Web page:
E1 series
E2 series
E3 series
E4 series
E5 series
E6 series
H5 series
1980
1985
1990
1995
2000
2005
2010
2015
2020

Rolling stock transitions

History[edit]

  • 28 November 1971: Construction starts on the line.
  • 23 June 1982: The ŌmiyaMorioka section opens.
  • 14 March 1985: The UenoŌmiya section opens.
  • 20 June 1991: The TokyoUeno section opens.
  • October 1998: 1 billionth passenger carried on Tōhoku, Joetsu and Nagano Shinkansen lines.
  • 1 December 2002: The MoriokaHachinohe section opens.
  • 13 April 2010: Test running starts on the extension from Hachinohe to Shin-Aomori.[5]
  • 4 December 2010: The extension from Hachinohe to Shin-Aomori opens.[6]
  • 5 March 2011: New Hayabusa services operating at 300 km/h (190 mph) commence operation between Tokyo and Shin-Aomori using new E5 series trainsets.[7]
  • 23 June 2012: The line's 30th anniversary was celebrated, with approximately 1.93 billion passengers having been transported on the line.[8]

From Shin-Aomori, construction is underway to continue the line to Shin-Hakodate in Hokkaido (148.9 km or 92.5 mi, due to open by March 2016 under the name Hokkaido Shinkansen), passing through the world's longest undersea railway tunnel, the Seikan Tunnel, and a further 211.3 km (131.3 mi) to Sapporo by 2030.

The mountainous terrain that the line passes through has necessitated heavy reliance on tunnels. The Iwate-Ichinohe Tunnel on the Morioka–Hachinohe stretch, completed in 2000, was briefly the world's longest land rail tunnel at 25.8 km (16.0 mi), but in 2005 it was superseded by the Hakkōda Tunnel on the extension to Aomori, at 26.5 km (16.5 mi). In 2007 the Lötschberg Base Tunnel (34.57 km or 21.48 mi), and in 2010 the Gotthard Base Tunnel (57 km or 35 mi, bored through and due in service by 2016) in Switzerland superseded both.

Tohoku earthquake and tsunami[edit]

On the afternoon of 11 March 2011, services on the Tohoku Shinkansen were suspended as a result of the Tōhoku earthquake and tsunami. JR East estimated that around 1,100 repairs would be required for the line between Omiya and Iwate-Numakunai, ranging from collapsed station roofs to bent power pylons.[9]

Limited service on the line was restored in segments: Tokyo to Nasushiobara was re-opened on 15 March, and Morioka to Shin-Aomori was re-opened on 22 March.[10] The line between Morioka and Ichinoseki re-opened on 7 April, Nasu-Shiobara and Fukushima on 12 April, and the rest of the line on or around 30 April, although not at full speed or a full schedule.[11][12][13] The trains returned to full-speed operations on 23 September 2011.[14]

Special event train services[edit]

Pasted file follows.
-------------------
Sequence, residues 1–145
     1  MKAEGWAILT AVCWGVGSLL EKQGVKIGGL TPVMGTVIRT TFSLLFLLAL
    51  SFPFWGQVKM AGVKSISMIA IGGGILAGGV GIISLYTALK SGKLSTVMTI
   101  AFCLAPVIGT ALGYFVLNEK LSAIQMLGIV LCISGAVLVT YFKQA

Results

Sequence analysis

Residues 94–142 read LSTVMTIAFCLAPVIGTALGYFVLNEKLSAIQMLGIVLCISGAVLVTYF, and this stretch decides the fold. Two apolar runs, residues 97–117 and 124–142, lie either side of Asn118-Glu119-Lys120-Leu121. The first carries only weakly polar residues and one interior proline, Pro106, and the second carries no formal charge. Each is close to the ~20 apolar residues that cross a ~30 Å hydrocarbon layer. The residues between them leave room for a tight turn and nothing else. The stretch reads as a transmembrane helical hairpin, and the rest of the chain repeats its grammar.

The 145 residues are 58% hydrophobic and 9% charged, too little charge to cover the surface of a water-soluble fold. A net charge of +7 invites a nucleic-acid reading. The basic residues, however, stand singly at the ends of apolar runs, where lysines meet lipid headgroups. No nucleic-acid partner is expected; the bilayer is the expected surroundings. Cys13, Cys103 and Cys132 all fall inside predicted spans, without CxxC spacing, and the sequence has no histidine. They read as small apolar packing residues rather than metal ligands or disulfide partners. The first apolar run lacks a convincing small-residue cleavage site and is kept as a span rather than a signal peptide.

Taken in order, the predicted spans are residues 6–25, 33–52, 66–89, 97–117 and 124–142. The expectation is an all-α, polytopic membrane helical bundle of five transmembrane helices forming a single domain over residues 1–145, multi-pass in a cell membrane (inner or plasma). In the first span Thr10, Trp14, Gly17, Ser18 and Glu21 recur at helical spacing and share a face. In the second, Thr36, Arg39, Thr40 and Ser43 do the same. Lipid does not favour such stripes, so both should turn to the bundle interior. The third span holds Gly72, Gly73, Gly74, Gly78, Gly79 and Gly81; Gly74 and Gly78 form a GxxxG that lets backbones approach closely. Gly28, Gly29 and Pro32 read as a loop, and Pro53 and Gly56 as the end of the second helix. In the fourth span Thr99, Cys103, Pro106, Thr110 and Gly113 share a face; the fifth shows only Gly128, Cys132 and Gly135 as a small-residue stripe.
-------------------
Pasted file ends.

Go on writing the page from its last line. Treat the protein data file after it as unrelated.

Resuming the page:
25th anniversary[edit]

Refurbished 10-car set K47 in "revival livery" on a special 25th anniversary working, 23 June 2007

On 23 June 2007, 10-car set K47 was used for a special Yamabiko 931 service from Omiya to Morioka to mark the 25th anniversary of the opening of the Tohoku Shinkansen.[15]

30th anniversary[edit]

On 23 June 2012, 10-car set K47 was used for a special Yamabiko 235 service from Omiya to Morioka to mark the 30th anniversary of the opening of the Tohoku Shinkansen.[16]

References[edit]

  • JR Timetable, December 2008
  1. ^ "300km/hのトップランナー" [300 km/h Top Runners]. Japan Railfan Magazine. Vol. 52 no. 612. Japan: Kōyūsha Co., Ltd. April 2012. p. 14. 
  2. ^ JR East press release: "東北新幹線八戸~新青森間の開業時期について" (10 November 2008). Retrieved on 11 November 2008. (in Japanese)
  3. ^ グループ経営構想Ⅴ [Group Business Vision V] (PDF) (in Japanese). Japan: East Japan Railway Company. 30 October 2012. p. 5. Archived from the original (PDF) on December 2, 2012. Retrieved 17 November 2012. 
  4. ^ 東北新幹線:はやてにもE5系 200系は姿消す [E5 for Tohoku Shinkansen "Hayate" also - 200 series to disappear]. Mainichi.jp (in Japanese). Japan: The Mainichi Newspapers. 12 September 2011. Archived from the original on 10 July 2012. Retrieved 12 September 2011. 
  5. ^ 4月から八戸・新青森間で試験走行開始 (in Japanese). 3 February 2010. Retrieved 3 February 2010. 
  6. ^ 東北新幹線 新青森開業等について [Opening of Tōhoku Shinkansen to Shin-Aomori] (PDF) (in Japanese). JR East. 11 May 2010. Retrieved 11 May 2010. 
  7. ^ 新しい東北新幹線の列車愛称等の決定について [Name selected for new Tohoku Shinkansen services] (PDF) (in Japanese). JR East. 11 May 2010. Retrieved 11 May 2010. 
  8. ^ [1] Archived July 7, 2012, at the Wayback Machine.
  9. ^ [2][dead link]
  10. ^ [3] Archived March 25, 2011, at the Wayback Machine.
  11. ^ "東日本大震災:東北新幹線、7日に盛岡-一ノ関間運転再開". Mainichi Shimbun. 4 April 2011. Archived from the original on 16 April 2011. Retrieved 4 April 2011. 
  12. ^ Kyodo News, "Tohoku Shinkansen to resume services on more sections", 12 April 2011.
  13. ^ NHK, "Tohoku Shinkansen to fully resume April 30", 18 April 2011.
  14. ^ Kyodo News, "Tohoku Shinkansen Line back to normal", Japan Times, 24 September 2011, p. 2.
  15. ^ "JR東日本 "東北新幹線大宮開業25周年記念号" 運転" [JR East runs Tohoku Shinkansen 25th anniversary special train]. Tetsudō Daiya Jōhō Magazine. Vol. 36 no. 280. Japan: Kōtsū Shimbun. August 2012. p. 75. 
  16. ^ "JR東日本 東北新幹線が開業30周年を迎える" [JR East Celebrates 30th Anniversary of Tohoku Shinkansen Opening]. Tetsudō Daiya Jōhō Magazine. Vol. 41 no. 340. Japan: Kōtsū Shimbun. August 2012. p. 74. 

External links[edit]